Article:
Hey there! Sign in to join this conversationNew here? Join for free
    Offline

    0
    ReputationRep:
    Hi,

    Can someone help me with C3 Jan 2009, Q8 part (C) and (D).

    Thanks

    http://dl.dropbox.com/0/view/4m89963...Jan%202009.pdf
    Offline

    7
    (Original post by emdad16)
    Hi,

    Can someone help me with C3 Jan 2009, Q8 part (C) and (D).

    Thanks

    http://dl.dropbox.com/0/view/4m89963...Jan%202009.pdf
    well,

    from part b) the equation is 5 cos (x - 53)

    the range of cos x is between -1 and 1

    so the range of 5 cos x is between -5 and 5

    max is 5, min is -5

    so in c) when we add 10 to this the max is 15 and the min is 5

    the min occurs when the cos graph is equal to -1 which occurs at 180 degrees

    so this tells us that (x - 53) = 180 so x = 233

    in c+d, x = 15t so 15t = 233 t = 15.5
    Offline

    0
    ReputationRep:
    (Original post by emdad16)
    Hi,

    Can someone help me with C3 Jan 2009, Q8 part (C) and (D).

    Thanks

    http://dl.dropbox.com/0/view/4m89963...Jan%202009.pdf
    If you replace 15t with feta(pheta?) it should become clear.

    You can then replace most of the equation with your answer to part a, and so the minimum temperature is 10 - 5 = 5.
    Offline

    0
    ReputationRep:
    also for x=4sin(2y+6) find dy/dx in terms of x i dont understand this arcsin thing
    Offline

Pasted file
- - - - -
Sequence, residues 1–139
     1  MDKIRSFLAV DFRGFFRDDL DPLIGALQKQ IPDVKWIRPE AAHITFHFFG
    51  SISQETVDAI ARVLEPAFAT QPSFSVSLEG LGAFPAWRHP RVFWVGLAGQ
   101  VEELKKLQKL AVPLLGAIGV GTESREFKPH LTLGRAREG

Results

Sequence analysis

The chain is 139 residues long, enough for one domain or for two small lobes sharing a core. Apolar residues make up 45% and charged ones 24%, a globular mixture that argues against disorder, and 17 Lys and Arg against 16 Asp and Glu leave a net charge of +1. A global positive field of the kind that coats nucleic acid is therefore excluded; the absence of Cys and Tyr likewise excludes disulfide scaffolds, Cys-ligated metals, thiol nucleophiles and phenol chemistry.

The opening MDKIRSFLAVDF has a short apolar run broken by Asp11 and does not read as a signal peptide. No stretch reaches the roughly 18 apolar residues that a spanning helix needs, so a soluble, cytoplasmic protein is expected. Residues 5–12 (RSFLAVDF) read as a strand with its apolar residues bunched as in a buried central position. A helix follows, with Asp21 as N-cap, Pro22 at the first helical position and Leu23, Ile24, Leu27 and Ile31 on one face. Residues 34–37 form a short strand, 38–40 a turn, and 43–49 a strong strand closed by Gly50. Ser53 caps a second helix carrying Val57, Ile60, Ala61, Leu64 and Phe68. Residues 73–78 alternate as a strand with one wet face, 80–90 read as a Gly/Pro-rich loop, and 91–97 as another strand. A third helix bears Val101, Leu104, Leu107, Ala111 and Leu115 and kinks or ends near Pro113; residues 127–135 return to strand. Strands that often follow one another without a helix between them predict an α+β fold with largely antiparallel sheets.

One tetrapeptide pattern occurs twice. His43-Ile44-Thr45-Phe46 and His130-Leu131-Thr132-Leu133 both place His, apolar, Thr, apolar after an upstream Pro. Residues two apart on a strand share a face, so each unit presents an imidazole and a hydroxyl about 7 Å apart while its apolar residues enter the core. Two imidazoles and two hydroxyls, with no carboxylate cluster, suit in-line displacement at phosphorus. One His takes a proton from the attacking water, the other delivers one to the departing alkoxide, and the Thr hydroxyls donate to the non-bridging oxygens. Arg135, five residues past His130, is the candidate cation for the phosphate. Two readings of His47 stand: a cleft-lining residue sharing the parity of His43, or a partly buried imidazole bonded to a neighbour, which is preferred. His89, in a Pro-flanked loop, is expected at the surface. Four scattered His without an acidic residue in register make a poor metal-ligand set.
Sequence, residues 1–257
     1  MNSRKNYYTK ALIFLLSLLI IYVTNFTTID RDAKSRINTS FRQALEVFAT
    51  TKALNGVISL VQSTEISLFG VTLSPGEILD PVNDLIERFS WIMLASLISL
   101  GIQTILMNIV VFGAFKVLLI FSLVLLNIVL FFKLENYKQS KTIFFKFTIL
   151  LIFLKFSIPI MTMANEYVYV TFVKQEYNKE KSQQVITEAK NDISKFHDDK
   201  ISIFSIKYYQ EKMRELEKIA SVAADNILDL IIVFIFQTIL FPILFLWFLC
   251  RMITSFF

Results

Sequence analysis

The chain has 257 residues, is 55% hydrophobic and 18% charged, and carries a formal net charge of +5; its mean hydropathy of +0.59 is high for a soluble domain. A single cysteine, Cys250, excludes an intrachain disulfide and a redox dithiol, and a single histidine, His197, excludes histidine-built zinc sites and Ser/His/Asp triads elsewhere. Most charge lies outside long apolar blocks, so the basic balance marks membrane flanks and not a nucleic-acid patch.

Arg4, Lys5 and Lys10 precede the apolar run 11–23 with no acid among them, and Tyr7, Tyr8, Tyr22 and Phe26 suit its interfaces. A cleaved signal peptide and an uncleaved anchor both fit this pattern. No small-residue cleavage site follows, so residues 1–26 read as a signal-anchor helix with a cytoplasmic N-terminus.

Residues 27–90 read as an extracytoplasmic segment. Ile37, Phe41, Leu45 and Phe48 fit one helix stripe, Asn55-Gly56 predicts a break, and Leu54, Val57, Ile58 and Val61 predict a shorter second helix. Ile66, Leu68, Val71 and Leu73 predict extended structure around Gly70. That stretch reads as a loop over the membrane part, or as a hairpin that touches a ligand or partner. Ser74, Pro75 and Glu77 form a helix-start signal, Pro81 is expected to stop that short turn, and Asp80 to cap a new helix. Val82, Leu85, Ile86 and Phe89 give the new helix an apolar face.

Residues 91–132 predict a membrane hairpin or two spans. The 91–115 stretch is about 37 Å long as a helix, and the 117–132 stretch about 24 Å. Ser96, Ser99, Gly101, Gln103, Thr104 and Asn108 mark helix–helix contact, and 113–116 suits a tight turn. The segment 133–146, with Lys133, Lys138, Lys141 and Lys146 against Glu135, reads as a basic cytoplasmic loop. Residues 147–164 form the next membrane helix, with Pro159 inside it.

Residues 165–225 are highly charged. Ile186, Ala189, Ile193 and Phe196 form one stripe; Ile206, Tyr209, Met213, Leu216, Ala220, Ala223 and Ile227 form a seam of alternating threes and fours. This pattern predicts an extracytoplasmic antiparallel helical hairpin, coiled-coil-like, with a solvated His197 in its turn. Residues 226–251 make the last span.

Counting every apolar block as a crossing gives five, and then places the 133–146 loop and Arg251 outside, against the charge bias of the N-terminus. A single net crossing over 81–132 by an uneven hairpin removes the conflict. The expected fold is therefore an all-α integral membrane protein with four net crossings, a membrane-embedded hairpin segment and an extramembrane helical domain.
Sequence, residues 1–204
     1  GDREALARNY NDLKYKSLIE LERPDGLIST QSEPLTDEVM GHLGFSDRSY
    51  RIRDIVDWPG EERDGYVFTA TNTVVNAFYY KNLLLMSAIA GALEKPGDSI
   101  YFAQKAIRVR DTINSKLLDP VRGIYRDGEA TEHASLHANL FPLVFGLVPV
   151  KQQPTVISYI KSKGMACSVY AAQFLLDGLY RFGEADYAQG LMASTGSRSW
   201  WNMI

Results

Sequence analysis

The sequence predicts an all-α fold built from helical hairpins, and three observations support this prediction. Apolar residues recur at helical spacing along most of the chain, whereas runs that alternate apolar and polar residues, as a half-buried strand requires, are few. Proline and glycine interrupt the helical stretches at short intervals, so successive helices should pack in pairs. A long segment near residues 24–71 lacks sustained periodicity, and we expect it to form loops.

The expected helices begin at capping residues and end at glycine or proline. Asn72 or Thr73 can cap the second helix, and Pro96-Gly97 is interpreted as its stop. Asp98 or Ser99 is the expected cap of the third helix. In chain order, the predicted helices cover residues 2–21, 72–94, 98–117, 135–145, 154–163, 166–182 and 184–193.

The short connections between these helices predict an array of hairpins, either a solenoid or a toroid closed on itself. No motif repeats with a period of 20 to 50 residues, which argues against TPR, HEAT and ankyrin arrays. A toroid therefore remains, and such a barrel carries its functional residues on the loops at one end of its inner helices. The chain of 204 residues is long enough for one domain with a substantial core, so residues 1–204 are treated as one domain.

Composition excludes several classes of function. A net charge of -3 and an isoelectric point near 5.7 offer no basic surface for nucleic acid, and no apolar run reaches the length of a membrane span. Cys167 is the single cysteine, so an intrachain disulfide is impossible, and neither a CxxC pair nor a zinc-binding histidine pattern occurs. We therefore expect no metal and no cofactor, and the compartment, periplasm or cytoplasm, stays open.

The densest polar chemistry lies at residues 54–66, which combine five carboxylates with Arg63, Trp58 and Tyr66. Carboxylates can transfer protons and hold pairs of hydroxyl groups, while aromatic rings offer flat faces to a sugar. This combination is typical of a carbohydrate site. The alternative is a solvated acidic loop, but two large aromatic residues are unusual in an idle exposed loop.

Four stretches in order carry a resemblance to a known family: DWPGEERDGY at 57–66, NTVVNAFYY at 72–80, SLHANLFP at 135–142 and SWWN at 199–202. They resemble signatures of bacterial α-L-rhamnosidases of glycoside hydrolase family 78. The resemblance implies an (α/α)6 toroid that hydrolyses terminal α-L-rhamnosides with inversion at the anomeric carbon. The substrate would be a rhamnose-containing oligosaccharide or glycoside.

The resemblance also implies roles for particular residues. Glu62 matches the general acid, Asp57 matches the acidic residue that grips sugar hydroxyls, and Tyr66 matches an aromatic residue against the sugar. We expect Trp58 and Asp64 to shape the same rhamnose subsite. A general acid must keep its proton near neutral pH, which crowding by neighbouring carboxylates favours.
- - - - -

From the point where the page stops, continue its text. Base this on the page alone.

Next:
0
    ReputationRep:
    (Original post by emdad16)
    Hi,

    Can someone help me with C3 Jan 2009, Q8 part (C) and (D).

    Thanks

    http://dl.dropbox.com/0/view/4m89963...Jan%202009.pdf
    ok here goes:
    part c) the minimum on a cos graph is -1, so the minimum would be "10 + 5(-1)" which is 10 - 5 = 5

    part d) put minimum=5 into equation so you get
    5 = 10 + 5cos(15t - 53...)
    -5 = 5cos(15t - 53..)
    -1 = cos(15t - 53..)
    therefore (15t - 53..) = 180
    you can then work out "t" ...
    hope that helped ...
    Offline

    3
    (Original post by The Magnificent KoloToure)
    If you replace 15t with feta(pheta?) it should become clear.

    You can then replace most of the equation with your answer to part a, and so the minimum temperature is 10 - 5 = 5.
    *theta.
    Offline

    0
    ReputationRep:
    why is X = 15t
    Offline

    0
    ReputationRep:
    (Original post by Loz17)
    *theta.
    Cheers.
    Offline

    0
    ReputationRep:
    oh my god the specimen papers a beast.
    Offline

    0
    ReputationRep:
    Should I do the specimen paper or Jan '10? Just started the latter.